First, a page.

Now that I’m a mom, I’ve found that my attitude toward cooking has changed. Where I used to enjoy the challenge of a complicated dish–say, moussaka with its fried eggplants and zucchinis layered beneath meat and béchamel sauces–these recipes have become marathons in anxiety. Chopping vegetables with a one-year-old clinging to my pant-leg—and biting it—is not an evening well spent, for Ioanna or me. I’ve tried to occupy her with measuring cups and Tupperware containers. Those are momentary distractions. Like her mom, Ioanna likes to watch food being prepared, but she prefers to be held directly above the cutting board. This leaves me cooking, one-handed.
These days, I try to cook while Ioanna naps, or is asleep for the night, and I look for dishes that need an hour or less of active cooking time. So I was nervous about last week’s Greek dish of week, Kokkoras Kokkonistos. The name means reddened rooster and it’s a spiced, tomato-based stew served atop long, hollow noodles and dusted with cheese. For Spyros and me, it’s a taverna favorite and a dish we’ve wanted to recreate at home for awhile now. I wondered how a stew, with such rich, concentrated flavors, could not take hours in the kitchen and not call for a litany of ingredients.
Vefa Alexiadou’s recipe for Kokkoras Kokkinistos in her book, Greek Cooking, is the answer. Vefa’s recipe requires only one chopped vegetable, an onion. The other ingredients are tomato products and aromatics that don’t need to be measured. A win for this newbie mom.
On Kokkorras Kokinistos day, I waited until Ioanna’s nap and began my project. First, I browned the rooster pieces until they were golden and crisp, then transferred them to another dish. Next I started the sauce. It began with onions which I cooked until soft and golden. I inhaled their caramel-like scent and wondered how long it had been since I last enjoyed the aroma of something I’d cooked. I couldn’t remember. With that I poured in the tomatoes, the other ingredients and a splash of water. The mixture reached a rapid simmer and I wedged the rooster pieces into the sauce, reduced the heat and covered the pan. I set a timer for 45 minutes.
When I looked at the microwave clock, I saw that that less than half an hour had passed since I had started. I also glanced around the kitchen. In the sink, only a glass dish and a cutting board needed to be washed. The spice jars I had already returned to the cupboard and tomato cans were rinsed and in the recycling bin. I sighed and smiled. All I had left to do was boil some pasta and, perhaps, thicken the sauce by boiling it, at the end. With forty minutes to spare before Ioanna woke, I made myself a quick Nespresso. As I sipped, I mused about the recipe. I became sure that whoever invented it had been a child rearer, someone who needed to carve out a few extra minutes, while cooking.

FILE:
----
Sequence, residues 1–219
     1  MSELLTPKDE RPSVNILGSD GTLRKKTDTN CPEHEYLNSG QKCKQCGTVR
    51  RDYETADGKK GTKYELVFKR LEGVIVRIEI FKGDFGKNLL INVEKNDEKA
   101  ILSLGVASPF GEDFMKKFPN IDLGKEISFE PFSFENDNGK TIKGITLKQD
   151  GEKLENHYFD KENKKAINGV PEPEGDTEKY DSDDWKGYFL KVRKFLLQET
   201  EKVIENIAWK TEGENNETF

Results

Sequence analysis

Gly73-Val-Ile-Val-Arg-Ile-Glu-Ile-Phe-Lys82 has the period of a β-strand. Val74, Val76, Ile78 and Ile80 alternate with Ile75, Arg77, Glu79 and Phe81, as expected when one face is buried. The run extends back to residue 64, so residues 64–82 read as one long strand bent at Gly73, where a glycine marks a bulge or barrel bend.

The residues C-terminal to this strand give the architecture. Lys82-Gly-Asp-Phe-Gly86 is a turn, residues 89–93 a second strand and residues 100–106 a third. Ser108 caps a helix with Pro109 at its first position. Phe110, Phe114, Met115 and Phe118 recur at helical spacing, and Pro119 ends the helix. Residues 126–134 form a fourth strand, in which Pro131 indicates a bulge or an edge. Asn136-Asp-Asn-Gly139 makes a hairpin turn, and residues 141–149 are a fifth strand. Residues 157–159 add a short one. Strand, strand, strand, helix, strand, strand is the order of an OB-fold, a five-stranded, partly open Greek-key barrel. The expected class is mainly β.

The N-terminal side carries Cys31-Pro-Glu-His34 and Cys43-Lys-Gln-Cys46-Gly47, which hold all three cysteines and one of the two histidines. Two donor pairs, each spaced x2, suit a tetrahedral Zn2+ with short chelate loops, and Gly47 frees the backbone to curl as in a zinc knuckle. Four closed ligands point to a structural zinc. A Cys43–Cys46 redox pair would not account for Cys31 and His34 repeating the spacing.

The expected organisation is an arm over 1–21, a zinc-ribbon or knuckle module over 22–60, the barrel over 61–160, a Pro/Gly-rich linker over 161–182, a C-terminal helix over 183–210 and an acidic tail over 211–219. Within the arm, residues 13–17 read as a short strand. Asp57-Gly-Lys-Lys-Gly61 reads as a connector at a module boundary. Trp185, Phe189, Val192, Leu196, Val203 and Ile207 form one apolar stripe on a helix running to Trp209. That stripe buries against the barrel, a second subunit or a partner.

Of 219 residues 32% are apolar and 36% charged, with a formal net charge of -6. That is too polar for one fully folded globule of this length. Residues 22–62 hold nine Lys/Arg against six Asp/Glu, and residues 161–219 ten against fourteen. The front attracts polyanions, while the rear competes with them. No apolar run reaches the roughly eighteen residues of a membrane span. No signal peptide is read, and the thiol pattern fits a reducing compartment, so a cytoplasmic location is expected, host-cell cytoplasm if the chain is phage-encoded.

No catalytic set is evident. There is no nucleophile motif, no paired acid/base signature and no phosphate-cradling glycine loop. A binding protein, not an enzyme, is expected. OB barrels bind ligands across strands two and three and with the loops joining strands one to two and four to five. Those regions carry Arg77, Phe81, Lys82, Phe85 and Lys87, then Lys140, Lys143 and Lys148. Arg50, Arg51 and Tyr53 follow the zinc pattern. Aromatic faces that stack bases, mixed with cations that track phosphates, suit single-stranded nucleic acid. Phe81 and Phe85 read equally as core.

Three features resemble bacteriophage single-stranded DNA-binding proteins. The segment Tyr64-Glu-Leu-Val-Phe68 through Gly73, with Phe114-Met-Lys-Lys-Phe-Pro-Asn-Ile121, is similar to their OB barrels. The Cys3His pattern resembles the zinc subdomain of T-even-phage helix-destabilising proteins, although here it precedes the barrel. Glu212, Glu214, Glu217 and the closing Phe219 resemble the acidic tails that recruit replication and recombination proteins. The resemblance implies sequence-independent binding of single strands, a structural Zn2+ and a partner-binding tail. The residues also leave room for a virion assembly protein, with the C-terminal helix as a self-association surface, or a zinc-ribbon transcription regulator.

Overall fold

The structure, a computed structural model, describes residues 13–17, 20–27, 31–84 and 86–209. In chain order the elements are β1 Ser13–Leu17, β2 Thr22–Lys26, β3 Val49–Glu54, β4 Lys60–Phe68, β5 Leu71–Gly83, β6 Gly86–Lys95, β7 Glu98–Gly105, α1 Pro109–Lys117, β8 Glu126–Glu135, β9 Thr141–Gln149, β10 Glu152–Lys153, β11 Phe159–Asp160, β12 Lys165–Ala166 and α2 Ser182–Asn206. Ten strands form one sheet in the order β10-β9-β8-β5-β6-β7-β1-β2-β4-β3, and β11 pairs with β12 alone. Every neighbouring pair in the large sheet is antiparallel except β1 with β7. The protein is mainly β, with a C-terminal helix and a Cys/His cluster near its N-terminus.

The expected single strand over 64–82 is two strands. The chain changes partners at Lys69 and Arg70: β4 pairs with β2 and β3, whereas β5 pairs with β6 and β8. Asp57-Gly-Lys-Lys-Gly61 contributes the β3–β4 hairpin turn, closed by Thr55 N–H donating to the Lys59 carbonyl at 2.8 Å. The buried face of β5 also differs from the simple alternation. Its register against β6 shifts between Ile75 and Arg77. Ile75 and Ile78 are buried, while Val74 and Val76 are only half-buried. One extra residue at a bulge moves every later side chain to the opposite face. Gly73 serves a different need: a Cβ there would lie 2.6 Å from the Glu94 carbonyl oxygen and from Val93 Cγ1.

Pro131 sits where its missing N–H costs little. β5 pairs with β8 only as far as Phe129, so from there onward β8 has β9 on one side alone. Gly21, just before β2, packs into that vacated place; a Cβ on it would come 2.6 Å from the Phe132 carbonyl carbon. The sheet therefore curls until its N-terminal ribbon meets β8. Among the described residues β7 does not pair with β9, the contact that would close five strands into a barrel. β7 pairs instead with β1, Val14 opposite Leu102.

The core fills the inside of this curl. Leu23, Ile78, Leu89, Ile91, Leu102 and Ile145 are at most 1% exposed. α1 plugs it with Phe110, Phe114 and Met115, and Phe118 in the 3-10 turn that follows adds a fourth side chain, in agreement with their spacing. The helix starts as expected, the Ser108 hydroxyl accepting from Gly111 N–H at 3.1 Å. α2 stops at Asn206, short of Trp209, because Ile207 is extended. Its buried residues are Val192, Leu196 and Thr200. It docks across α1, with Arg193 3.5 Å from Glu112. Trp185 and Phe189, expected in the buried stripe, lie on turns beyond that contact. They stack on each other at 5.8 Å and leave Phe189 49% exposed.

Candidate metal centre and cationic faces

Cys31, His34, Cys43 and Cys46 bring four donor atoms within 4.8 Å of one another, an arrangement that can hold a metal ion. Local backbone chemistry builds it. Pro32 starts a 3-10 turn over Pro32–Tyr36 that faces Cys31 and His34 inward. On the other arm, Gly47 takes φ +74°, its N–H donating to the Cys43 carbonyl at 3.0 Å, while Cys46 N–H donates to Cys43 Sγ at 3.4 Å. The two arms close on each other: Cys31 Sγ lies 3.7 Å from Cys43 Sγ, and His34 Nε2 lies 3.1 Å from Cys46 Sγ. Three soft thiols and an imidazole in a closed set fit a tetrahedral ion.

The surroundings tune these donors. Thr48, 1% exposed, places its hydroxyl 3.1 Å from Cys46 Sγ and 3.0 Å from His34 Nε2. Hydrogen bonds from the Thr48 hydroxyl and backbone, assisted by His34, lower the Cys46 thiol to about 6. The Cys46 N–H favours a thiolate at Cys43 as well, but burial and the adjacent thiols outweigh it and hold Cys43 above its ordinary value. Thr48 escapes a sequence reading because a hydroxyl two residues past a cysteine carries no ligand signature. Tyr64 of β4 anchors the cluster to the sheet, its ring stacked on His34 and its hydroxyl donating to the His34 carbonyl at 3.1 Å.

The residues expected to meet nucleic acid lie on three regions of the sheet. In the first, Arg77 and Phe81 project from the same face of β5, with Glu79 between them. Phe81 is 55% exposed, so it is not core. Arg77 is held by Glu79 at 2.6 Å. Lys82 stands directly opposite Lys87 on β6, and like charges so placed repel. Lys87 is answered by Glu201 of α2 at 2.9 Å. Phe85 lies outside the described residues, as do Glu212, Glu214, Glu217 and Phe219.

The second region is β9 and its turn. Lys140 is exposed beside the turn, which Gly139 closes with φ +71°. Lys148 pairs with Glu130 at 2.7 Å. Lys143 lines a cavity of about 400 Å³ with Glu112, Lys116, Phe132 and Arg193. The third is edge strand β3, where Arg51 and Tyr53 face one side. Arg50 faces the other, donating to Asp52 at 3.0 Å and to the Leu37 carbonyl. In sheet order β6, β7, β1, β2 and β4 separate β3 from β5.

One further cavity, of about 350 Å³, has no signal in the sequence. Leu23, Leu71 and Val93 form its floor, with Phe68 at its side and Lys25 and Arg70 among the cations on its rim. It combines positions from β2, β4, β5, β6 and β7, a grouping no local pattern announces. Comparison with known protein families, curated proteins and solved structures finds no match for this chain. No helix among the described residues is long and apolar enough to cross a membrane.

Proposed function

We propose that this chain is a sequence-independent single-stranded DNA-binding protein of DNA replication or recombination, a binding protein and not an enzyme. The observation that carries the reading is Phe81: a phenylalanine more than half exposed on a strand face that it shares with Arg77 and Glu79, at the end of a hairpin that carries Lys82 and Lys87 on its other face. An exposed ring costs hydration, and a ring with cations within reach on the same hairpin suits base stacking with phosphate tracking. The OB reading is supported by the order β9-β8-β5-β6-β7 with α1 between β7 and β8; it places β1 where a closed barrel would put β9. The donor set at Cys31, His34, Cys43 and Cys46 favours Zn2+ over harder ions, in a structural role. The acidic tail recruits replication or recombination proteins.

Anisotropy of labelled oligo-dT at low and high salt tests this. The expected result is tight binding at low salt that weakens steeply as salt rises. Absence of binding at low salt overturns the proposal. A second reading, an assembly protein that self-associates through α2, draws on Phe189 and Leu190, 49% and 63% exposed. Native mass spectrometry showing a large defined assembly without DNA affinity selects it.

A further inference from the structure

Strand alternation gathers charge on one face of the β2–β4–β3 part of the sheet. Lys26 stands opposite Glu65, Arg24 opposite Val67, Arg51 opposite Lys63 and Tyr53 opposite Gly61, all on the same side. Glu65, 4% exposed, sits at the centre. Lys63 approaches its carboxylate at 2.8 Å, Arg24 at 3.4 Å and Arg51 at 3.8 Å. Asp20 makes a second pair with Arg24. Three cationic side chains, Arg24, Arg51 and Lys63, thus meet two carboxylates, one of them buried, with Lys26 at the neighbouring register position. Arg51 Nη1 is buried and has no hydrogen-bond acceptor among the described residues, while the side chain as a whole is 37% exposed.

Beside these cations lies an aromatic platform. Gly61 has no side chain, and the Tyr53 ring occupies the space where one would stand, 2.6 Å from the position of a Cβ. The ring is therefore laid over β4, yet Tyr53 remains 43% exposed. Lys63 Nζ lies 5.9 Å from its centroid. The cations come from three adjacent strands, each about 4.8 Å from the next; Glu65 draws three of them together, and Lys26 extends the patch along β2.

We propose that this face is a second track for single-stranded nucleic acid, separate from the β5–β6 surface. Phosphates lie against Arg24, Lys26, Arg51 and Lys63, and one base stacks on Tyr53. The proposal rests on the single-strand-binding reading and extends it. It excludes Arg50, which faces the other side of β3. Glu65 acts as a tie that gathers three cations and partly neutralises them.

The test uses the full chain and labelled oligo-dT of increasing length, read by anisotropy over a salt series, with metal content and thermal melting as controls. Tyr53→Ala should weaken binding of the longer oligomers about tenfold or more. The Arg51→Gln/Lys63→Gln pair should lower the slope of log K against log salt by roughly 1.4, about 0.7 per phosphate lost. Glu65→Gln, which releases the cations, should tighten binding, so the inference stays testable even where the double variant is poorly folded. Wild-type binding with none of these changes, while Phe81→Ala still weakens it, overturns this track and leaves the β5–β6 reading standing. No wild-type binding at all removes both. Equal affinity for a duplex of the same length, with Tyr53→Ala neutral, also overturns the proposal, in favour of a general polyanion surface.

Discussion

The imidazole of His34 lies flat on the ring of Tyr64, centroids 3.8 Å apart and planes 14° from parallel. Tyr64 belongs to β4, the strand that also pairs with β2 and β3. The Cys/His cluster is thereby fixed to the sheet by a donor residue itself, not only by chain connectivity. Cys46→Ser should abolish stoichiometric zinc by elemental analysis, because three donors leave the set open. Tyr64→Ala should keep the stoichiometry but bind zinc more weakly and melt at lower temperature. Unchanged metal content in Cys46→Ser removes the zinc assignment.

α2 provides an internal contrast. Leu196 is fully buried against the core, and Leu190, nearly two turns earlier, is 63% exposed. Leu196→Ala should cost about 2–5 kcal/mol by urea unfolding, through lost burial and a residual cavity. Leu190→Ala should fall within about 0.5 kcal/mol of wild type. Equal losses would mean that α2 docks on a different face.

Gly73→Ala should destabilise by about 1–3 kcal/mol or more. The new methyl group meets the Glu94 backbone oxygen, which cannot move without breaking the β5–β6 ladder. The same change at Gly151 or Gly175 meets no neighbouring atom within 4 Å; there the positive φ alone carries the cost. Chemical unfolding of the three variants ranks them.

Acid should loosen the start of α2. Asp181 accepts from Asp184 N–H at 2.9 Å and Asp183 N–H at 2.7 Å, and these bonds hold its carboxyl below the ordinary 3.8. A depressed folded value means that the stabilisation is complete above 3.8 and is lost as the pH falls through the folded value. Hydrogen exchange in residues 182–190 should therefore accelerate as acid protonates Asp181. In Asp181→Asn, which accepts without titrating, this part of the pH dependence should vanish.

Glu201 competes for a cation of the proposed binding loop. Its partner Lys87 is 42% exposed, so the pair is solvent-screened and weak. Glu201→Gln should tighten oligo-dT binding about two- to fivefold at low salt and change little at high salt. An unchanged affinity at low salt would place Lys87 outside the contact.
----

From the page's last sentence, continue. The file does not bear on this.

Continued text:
*This is a note to myself, mostly, but you might find it interesting to take into account. Since she has started solids, Ioanna has been funny with tomatoes. I think they are a bit acidic for her. In any case, I served her portion without sauce, just rooster with plain pasta (plain in our house means with olive oil and grated cheese). She tolerated the rooster and loved the pasta. Spyros and I found the recipe flavorful, and a near replica to the Kokkoras Kokkinistos served at our favorite neighborhood taverna.
Kokkoras Kokkinistos (Rooster or Chicken Kokkinistos)
Adapted from Vefa Alexiadou’s Greek Cooking
*If serving to a toddler or child, be sure to remove any allspice berries or peppercorns. And, of course, remove any bones.
¼ cup olive oil
1 rooster or chicken, 2.8 kg (6 lbs), in pieces (buy the poultry already cut in pieces or ask your butcher to do this for you)
1 large onion, chopped
2 14 oz. (400 g) cans of chopped tomatoes
¼ cup tomato paste
2 tablespoons red wine vinegar
4 bay leaves
2 teaspoons sugar
16 whole allspice berries
20 whole black peppercorns
salt to taste (since we are cooking for Ioanna, we don’t add salt)
1 pound box of spaghetti (my dish is pictured using a long, hollow pasta shape that I’ve only seen in Greece, but Greek grocers in your area might stock it. They are a bit unwieldy but that’s part of the fun)
In a large soup pot with a lid, heat the oil over medium high. When the pan is hot, add the rooster pieces and fry until golden on all sides. Remove the rooster from the pot and set aside.In the same pot, add a little oil, if needed, and stir in the onions; cook until soft and golden.
Add the tomatoes, vinegar, sugar, spices, salt and pepper and stir well. Return the rooster pieces to the pot. At this point, I added a little hot water —maybe about two tomato cans full—just to make enough sauce to slightly cover the rooster. Reduce the heat to a simmer, cover the pot, and cook until the rooster is ready, about 45 minutes-1 hour.
Once the rooster has cooked, remove it from the sauce. Increase the heat and boil the sauce for about 15 minutes until has reduced some. It should be thicker and have a more concentrated taste.
Serve the rooster in pieces with the sauce over boiled, oiled pasta with grated cheese.